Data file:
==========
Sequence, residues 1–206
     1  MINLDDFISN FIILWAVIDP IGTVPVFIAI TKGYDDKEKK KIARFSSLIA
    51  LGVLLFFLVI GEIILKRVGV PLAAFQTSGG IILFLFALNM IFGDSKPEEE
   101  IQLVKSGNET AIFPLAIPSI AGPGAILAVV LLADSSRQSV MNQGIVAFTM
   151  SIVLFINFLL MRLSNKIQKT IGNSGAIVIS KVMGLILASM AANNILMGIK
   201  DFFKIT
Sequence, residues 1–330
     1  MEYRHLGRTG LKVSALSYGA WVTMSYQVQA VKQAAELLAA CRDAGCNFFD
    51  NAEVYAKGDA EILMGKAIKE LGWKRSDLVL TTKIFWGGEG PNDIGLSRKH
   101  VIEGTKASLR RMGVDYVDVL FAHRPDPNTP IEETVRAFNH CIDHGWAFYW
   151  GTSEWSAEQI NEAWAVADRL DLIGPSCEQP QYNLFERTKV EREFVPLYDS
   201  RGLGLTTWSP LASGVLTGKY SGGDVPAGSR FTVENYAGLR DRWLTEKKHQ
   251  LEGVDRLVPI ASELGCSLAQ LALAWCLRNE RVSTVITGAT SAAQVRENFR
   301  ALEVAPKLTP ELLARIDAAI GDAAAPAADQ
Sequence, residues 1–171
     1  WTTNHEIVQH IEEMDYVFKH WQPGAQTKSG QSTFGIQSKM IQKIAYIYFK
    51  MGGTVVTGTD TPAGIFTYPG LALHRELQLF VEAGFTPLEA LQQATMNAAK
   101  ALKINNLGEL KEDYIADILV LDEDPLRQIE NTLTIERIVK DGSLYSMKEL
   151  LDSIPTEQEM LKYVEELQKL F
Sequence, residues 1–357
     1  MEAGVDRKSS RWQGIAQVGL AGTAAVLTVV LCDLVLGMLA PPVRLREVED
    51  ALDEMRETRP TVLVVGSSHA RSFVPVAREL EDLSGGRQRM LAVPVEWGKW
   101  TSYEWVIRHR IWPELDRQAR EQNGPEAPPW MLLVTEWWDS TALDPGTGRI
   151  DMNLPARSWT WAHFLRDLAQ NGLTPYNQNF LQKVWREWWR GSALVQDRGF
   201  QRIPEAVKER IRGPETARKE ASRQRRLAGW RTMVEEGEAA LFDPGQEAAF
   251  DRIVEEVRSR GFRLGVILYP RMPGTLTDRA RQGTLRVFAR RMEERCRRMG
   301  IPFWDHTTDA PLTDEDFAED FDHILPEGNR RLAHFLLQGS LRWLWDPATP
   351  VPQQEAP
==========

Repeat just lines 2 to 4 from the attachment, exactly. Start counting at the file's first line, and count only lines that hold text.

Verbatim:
     1  MINLDDFISN FIILWAVIDP IGTVPVFIAI TKGYDDKEKK KIARFSSLIA
    51  LGVLLFFLVI GEIILKRVGV PLAAFQTSGG IILFLFALNM IFGDSKPEEE
   101  IQLVKSGNET AIFPLAIPSI AGPGAILAVV LLADSSRQSV MNQGIVAFTM